Monday, February 22, 2010
Interview with Donna MacQuigg
NMRW: Thanks so much for agreeing to do the interview, Donna. I like to start out with a little about you. Where are you originally from?
Donna: I’m a second generation native of New Mexico.
NMRW: Do you also have another profession besides writing (a day job)?
Donna: I’m retired from dental practice management.
NMRW: What is your spouse or partner’s name, occupation, how many kids, etc.
Donna: He’s retired APD, Jim MacQuigg. My daughter, Beth is a 1st grade teacher in Edgewood, and my son, Donald is an auditor with an Albuquerque accounting firm.
NMRW: Do you have pets, or a favorite or special pet?
Donna: Yes. Tony – a Chihuahua and Tessa – standard poodle
NMRW: How long have you been writing and what got your started?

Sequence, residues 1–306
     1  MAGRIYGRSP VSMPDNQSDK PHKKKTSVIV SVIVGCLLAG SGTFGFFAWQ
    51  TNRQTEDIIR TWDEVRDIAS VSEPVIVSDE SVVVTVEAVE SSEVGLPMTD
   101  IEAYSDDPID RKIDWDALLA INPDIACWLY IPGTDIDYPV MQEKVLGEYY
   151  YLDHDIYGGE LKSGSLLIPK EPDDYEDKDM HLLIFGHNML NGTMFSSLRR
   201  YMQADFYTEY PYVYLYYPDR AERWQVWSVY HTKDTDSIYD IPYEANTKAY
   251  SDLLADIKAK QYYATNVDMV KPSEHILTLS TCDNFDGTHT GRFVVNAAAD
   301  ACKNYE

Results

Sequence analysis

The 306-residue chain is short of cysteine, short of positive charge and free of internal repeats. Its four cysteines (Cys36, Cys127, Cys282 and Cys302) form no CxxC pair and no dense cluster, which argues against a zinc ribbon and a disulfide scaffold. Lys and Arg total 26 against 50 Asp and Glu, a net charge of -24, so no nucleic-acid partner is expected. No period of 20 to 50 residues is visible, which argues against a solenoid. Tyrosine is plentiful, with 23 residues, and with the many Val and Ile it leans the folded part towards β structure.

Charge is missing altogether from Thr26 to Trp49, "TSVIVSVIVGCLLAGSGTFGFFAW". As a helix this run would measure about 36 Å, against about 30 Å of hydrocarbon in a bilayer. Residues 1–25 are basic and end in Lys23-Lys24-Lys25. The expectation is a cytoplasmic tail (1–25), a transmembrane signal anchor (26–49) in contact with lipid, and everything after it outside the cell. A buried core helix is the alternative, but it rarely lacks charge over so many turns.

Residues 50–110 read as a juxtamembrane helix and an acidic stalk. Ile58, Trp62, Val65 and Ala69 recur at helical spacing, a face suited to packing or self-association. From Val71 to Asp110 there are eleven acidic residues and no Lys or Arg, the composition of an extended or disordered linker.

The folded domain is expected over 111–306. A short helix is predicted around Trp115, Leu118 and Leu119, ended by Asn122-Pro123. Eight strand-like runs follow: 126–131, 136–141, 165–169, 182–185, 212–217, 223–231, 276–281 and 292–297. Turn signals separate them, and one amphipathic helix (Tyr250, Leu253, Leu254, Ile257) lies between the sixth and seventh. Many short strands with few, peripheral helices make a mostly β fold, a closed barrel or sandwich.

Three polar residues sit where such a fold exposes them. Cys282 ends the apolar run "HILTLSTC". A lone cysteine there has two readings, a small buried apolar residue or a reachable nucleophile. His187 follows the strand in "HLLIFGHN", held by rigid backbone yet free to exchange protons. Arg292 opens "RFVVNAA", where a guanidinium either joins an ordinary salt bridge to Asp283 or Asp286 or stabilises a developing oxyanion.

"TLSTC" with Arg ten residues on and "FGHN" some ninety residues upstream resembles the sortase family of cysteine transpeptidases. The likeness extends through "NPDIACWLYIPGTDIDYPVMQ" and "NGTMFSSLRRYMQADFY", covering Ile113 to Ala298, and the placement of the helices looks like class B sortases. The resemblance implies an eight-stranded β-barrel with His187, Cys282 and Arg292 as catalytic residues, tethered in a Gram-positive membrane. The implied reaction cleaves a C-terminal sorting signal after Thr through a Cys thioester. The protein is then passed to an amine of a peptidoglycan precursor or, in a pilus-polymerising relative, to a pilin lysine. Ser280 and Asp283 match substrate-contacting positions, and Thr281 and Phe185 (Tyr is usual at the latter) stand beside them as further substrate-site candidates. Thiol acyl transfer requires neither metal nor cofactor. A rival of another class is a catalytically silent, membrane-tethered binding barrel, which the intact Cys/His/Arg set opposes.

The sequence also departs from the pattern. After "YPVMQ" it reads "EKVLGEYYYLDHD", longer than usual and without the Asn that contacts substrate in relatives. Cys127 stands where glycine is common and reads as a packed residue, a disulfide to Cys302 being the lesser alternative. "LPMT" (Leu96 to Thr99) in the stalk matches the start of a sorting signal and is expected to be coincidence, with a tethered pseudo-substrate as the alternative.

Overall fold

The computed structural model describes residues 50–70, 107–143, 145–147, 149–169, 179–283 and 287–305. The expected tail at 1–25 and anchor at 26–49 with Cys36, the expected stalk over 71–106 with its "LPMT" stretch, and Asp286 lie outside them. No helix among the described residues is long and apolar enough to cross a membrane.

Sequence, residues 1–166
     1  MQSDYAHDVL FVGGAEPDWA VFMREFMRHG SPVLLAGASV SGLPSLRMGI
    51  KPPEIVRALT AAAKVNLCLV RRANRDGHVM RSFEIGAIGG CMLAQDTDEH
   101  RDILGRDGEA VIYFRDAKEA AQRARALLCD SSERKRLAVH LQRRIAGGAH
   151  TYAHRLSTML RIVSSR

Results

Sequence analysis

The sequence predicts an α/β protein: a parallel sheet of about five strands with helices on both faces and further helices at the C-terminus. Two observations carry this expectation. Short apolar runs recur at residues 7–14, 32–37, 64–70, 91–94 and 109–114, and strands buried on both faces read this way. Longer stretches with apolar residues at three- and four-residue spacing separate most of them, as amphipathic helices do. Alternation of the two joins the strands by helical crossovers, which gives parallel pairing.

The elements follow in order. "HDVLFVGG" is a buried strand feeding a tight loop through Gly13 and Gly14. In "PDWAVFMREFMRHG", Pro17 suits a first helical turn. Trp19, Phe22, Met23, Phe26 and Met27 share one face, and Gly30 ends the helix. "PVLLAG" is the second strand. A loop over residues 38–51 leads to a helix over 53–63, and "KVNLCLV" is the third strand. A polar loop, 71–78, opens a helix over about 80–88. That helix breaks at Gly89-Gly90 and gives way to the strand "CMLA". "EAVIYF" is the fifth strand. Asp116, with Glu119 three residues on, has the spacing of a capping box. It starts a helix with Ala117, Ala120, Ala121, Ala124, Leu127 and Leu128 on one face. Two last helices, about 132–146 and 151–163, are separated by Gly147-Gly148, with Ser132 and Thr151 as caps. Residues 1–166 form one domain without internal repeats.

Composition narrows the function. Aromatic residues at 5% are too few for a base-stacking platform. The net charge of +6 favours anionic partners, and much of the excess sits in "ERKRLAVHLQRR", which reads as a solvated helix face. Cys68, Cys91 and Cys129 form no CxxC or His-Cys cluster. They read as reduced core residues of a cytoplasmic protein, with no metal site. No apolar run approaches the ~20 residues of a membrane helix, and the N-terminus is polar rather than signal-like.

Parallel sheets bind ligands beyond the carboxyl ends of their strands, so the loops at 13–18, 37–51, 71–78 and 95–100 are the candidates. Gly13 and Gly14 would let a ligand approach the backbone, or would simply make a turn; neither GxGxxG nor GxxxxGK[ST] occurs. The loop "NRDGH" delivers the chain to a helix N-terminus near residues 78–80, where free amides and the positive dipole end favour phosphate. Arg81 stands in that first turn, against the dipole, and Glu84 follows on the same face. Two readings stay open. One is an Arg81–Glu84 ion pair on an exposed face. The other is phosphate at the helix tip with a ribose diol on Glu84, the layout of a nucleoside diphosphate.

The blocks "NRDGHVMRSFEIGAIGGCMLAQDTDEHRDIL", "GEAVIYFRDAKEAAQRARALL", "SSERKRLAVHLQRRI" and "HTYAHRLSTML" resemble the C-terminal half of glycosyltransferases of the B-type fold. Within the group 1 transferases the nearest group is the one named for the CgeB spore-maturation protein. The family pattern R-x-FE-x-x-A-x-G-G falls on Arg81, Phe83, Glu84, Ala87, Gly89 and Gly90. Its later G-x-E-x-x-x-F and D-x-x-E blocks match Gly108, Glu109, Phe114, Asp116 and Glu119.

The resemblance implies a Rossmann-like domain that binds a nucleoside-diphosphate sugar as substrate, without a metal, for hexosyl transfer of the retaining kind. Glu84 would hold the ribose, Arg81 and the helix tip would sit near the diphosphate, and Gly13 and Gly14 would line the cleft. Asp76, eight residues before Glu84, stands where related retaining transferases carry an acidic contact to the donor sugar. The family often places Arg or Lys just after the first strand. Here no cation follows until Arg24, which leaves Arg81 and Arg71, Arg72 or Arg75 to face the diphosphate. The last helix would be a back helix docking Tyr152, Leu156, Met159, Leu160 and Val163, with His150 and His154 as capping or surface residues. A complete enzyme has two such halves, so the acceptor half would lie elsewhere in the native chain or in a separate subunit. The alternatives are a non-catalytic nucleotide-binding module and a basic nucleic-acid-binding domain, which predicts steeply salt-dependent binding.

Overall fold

Donna: Since 1993. I helped my daughter who had an English assignment which asked for a paragraph describing a character. We got an A. I think getting a new computer also helped. It made writing easy with spell-check and a built in thesaurus.
NMRW: Where are you likely to be when you’re not writing?
Donna: Outside, either playing with the dogs, my daughter’s horses, or tending to my garden.
NMRW: Besides writing, what else are you known for?
Donna: I built a pretty good reputation for dental practice management when I was working and when I retired, I tested and got my commercial drivers license and drove 18 wheelers with the hubby for awhile. I actually got “the call” selling my first romance while at a truck stop in California.
NMRW: Can you tell us what inspires you to write?
Donna: I started reading romance when I was in 7th grade and read every chance I got. After I got that A from my daughter’s English teacher, I decided to try writing my own. I had a romance on my lap that I used to format my manuscript since I didn’t have a clue how to punctuate dialogue or any of the basics used in writing a novel. I finished my first 400 page manuscript in 90 days, and actually landed an agent with it. By the time I published my first medieval romance in 1999, I had written four more novels and had at least a dozen ideas outlined.